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S. Korea, Japan likely to leave G20 Summit without resolving labor dispute Updated: 2019-06-26 16:30:06 KST

President Moon Jae-in's packed schedule for the G20 Summit in Osaka has an unwanted gap a gap that was supposed to be filled by a meeting with Japanese Prime Minister Shinzo Abe.
According to a senior Blue House official, South Korea proposed holding bilateral talks, but heard nothing back from Japan.

Bilateral relations have deteriorated sharply since Seoul's Supreme Court ordered Japanese companies last year, to compensate Korean victims of forced labor during Japan's colonial rule.
Japan has repeatedly called for an arbitration panel involving a third party, to which South Korea is yet to respond.

South Korea has also recently proposed settling the wartime labor dispute through a joint fund between companies from both countries, to compensate the Korean victims, but this was also rejected by Japan.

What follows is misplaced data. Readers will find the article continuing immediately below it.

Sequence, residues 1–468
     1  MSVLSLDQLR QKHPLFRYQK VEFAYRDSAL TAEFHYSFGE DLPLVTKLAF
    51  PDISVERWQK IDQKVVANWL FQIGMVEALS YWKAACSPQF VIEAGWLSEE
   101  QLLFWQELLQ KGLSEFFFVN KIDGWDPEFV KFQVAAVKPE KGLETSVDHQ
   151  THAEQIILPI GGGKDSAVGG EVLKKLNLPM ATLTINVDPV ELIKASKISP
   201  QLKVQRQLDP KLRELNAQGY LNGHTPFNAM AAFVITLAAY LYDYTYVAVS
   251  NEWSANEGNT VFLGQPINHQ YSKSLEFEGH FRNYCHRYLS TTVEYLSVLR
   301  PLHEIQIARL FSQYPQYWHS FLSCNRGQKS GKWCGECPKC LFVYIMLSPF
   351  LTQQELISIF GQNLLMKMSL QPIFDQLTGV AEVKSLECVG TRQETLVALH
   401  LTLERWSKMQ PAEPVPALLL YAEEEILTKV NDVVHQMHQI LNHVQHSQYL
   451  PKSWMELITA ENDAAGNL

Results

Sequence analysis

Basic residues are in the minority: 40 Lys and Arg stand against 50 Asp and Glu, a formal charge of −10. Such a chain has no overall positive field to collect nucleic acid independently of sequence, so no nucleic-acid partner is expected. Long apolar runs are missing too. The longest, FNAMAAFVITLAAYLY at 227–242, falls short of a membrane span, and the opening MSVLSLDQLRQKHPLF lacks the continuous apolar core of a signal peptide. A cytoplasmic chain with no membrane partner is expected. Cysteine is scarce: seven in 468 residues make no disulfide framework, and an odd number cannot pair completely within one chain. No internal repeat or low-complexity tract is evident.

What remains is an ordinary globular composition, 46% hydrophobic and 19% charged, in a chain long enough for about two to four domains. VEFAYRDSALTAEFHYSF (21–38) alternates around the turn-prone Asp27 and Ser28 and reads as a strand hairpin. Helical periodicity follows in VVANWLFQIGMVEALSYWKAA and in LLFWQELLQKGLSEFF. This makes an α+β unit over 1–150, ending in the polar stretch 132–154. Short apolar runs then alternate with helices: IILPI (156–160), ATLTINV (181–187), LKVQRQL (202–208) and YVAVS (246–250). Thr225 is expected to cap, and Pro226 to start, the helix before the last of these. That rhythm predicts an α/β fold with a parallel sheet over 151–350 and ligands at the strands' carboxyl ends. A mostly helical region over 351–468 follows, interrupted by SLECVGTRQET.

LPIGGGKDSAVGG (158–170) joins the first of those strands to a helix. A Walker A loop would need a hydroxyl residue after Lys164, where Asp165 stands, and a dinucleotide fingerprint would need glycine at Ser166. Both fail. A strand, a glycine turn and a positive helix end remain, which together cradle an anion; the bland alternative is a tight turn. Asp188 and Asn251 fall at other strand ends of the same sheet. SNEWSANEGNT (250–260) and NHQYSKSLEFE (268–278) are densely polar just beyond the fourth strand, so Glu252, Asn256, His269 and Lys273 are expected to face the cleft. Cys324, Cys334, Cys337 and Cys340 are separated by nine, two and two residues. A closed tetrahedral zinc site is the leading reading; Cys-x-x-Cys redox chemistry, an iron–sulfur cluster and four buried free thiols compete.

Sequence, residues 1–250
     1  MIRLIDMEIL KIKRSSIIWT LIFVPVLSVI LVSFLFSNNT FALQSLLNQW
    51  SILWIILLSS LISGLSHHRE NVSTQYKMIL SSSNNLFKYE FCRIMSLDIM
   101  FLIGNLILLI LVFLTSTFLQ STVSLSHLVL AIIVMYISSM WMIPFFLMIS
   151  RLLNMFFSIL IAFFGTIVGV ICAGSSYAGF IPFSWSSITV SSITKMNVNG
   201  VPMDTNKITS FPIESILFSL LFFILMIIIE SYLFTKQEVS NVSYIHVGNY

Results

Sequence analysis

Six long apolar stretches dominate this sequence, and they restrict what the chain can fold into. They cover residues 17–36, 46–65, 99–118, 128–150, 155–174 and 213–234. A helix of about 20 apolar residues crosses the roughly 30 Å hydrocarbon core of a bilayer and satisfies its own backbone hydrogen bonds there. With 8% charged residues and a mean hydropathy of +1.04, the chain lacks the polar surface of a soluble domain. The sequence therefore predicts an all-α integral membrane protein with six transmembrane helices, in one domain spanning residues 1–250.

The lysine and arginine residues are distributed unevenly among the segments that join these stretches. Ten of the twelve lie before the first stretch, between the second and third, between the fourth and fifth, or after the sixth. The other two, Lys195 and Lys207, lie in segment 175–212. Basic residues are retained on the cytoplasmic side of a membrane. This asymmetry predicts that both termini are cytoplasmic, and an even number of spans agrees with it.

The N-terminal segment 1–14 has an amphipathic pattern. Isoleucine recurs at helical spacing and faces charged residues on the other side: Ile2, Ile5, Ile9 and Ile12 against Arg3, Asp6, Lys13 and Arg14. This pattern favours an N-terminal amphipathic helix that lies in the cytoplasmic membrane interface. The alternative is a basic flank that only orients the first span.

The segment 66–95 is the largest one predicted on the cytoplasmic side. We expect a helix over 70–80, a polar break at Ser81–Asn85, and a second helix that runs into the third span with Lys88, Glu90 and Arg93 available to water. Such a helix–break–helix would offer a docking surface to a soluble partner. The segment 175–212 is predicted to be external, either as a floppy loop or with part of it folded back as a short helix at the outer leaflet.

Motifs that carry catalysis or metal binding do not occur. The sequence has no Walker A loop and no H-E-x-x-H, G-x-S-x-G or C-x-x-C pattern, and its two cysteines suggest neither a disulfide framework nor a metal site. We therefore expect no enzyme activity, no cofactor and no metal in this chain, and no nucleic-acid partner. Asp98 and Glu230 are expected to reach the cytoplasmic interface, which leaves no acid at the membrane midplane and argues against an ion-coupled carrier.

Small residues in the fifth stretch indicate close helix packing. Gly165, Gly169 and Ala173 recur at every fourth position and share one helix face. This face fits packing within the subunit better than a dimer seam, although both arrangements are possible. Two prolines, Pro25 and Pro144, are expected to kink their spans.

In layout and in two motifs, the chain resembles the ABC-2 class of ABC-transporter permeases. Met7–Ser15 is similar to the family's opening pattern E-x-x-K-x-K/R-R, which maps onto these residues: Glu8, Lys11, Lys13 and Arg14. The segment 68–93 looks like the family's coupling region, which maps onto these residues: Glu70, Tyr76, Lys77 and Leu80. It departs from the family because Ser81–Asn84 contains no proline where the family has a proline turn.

Observers have speculated that this is the reason Abe has decided not to arrange the talks.
But this leader-to-leader meeting was seen as the best chance the two sides had, to narrow their differences on the issue.

"With diplomacy moving with the Blue House at the center and with all authority given to President Moon, the president needs to be the one solving this issue. We can't say that the top-down approach is the best way, but this situation can no longer be resolved at the working level. The leaders have to meet and solve it."

Observers say that the government could seek to hold a summit after Japan's upper house election on July 21.
This is out of the belief that Prime Minister Abe is unable to be flexible ahead of the election, when it comes to the sensitive political issue of South Korea-Japan relations.

But the senior official also says the possibility of a one-on-one in Osaka cannot be ruled out completely.
If Japan requests to meet on the spot, the official says that the top office will accept.
But seeing that sufficient time and preparations are needed for the meeting to provide a tangible answer to the strained South Korea-Japan relations, the anticipated breakthrough could be unlikely even if an informal meeting does take place.

Park Hee-jun, Arirang News.
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